Polyunsaturated fatty acids (PUFAs) play an important role in human diet. Despite the wide-ranging importance and benefits from heart health to brain functions, humans and mammals cannot synthesize PUFAs de novo. The primary sources of PUFA are fish and plants. Due to the increasing concerns associated with food security as well as issues of environmental contaminants in fish oil, there has been considerable interest in the production of polyunsaturated fatty acids from alternative resources which are more sustainable, safer, and economical. For instance, marine bacteria, particularly the genus of Shewanella, Photobacterium, Colwellia, Moritella, Psychromonas, Vibrio, and Alteromonas, are found to be one among the major microbial producers of polyunsaturated fatty acids. Recent developments in the area with a focus on the production of polyunsaturated fatty acids from marine bacteria as well as the metabolic engineering strategies for the improvement of PUFA production are discussed.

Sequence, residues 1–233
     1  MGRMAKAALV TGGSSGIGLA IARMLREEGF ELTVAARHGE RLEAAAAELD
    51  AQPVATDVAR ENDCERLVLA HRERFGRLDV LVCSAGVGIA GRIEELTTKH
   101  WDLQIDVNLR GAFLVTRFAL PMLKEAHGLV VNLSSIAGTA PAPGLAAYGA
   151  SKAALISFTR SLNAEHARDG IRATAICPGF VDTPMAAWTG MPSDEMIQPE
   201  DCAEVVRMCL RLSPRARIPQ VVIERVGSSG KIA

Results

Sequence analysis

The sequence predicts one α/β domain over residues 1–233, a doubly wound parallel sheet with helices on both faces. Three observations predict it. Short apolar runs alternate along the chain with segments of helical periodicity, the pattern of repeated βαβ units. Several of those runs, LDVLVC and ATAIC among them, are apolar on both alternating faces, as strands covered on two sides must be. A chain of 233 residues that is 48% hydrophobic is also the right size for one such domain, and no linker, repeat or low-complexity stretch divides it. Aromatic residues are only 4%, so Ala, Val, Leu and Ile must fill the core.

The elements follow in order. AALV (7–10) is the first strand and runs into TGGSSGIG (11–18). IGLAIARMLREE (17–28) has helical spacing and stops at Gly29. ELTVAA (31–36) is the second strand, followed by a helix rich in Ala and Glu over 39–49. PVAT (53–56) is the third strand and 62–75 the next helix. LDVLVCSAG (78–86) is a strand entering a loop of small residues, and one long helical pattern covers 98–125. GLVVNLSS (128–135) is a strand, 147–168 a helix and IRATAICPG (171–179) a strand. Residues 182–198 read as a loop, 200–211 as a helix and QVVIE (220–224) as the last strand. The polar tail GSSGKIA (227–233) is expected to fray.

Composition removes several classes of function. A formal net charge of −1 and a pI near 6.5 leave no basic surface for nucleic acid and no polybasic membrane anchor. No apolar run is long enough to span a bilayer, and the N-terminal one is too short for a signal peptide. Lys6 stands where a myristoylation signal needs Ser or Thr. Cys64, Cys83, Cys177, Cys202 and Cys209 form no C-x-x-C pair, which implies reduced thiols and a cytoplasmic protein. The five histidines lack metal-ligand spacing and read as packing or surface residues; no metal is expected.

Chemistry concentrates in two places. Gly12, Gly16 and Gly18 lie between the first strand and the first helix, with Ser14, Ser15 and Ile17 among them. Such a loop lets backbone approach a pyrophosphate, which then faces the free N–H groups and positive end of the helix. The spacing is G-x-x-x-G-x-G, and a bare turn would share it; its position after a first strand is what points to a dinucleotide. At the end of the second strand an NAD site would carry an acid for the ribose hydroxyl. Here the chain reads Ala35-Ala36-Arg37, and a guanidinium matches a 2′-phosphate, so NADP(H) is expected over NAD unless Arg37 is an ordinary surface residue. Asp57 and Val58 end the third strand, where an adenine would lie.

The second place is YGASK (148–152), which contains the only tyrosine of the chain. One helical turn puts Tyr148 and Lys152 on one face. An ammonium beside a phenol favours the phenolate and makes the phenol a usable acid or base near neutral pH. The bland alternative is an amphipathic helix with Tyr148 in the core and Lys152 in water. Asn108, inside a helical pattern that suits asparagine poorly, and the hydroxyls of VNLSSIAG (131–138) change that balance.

* Title and MeSH Headings from MEDLINE®/PubMed®, a database of the U.S. National Library of Medicine.